SHL issues guidance for flu surveillance testing

Sept. 28, 2018 -- The State Hygienic Laboratory this month issued guidance for influenza surveillance testing during the 2018-2019 flu season. This guidance helps clinical laboratories collect and send specimens to SHL for molecular testing.

SHL tracks the incidence of influenza in the state as part of the Iowa Influenza Surveillance Network (IISN). The surveillance program also documents influenza-like illnesses, hospitalizations and deaths for the Iowa Department of Public Health’s Center for Acute Disease Epidemiology.

The IISN is comprised of health care providers, hospitals, schools, childcare centers, businesses and long-term care facilities that work closely with SHL to compile this statistical information.

Details about the number of flu, respiratory and respiratory syncytial virus cases in Iowa are available in the IDPH Weekly Iowa Flu Reports. Reports are updated weekly during the flu season from the first week of October through the last week of May, and monthly from June through September.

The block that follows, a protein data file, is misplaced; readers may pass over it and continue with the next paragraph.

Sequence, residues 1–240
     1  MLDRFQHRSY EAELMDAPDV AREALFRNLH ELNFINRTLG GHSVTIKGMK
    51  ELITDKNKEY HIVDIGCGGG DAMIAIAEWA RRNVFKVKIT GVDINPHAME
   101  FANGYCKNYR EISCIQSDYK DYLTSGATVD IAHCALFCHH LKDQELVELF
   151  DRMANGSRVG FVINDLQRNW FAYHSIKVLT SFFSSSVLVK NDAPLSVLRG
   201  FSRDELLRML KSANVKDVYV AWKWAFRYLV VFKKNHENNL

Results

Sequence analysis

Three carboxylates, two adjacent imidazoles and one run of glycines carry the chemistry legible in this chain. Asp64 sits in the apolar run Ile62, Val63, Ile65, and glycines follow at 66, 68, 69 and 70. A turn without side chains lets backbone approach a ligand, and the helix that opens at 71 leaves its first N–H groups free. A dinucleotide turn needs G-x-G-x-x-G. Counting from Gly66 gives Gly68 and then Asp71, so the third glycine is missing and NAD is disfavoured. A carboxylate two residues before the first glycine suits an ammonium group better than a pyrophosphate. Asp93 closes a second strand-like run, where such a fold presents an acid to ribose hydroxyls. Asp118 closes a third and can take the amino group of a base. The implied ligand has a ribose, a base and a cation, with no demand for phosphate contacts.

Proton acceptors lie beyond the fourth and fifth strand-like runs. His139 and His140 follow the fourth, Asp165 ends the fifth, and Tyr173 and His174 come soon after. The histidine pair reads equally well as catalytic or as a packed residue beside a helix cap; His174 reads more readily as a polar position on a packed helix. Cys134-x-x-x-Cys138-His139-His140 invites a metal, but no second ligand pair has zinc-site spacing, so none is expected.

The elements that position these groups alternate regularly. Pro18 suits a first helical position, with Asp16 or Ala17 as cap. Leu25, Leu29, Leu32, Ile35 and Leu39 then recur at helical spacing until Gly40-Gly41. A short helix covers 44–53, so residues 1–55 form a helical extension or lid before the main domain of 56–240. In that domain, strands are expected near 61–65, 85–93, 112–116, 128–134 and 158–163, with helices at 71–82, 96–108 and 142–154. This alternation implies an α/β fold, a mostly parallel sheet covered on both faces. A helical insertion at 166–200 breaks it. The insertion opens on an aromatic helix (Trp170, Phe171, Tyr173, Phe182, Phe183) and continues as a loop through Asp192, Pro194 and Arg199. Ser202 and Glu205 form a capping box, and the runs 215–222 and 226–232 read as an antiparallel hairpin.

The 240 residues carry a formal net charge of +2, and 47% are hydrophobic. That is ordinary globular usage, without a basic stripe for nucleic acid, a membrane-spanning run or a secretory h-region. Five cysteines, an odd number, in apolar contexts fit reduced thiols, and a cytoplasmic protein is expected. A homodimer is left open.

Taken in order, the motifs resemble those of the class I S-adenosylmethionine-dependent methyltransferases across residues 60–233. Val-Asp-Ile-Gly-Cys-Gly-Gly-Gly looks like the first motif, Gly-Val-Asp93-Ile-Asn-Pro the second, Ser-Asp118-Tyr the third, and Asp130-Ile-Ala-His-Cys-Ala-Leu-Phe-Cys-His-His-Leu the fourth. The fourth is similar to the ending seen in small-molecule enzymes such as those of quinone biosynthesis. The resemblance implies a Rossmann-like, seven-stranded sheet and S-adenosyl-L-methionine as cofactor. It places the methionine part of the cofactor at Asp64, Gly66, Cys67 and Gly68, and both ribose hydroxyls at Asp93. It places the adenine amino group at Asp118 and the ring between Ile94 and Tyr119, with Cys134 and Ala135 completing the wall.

SHL is the primary Iowa lab for confirmatory influenza testing of specimens submitted by hospitals, and reference and clinical labs. It reports the number of tests performed, and the type and sub-type of positive tests to the influenza surveillance network several times every week. The laboratory also surveys clinical and reference labs on a weekly basis for the number of rapid-antigen tests performed, and the number of positive influenza and positive non-influenza virus tests.

The CDC recommends that everyone more than 6 months old should receive the flu vaccine, preferably by the end of October. It may take up to two weeks after vaccination for the body to achieve protection from flu viruses.

Influenza is a respiratory illness caused by viruses. The flu comes on suddenly, and symptoms may include fever, headache, tiredness, cough, sore throat, nasal congestion and body aches. The illness typically lasts two to seven days. A “stomach bug” that causes diarrhea and vomiting is not caused by the influenza virus, but usually by norovirus. The flu vaccine does not provide protection against this illness.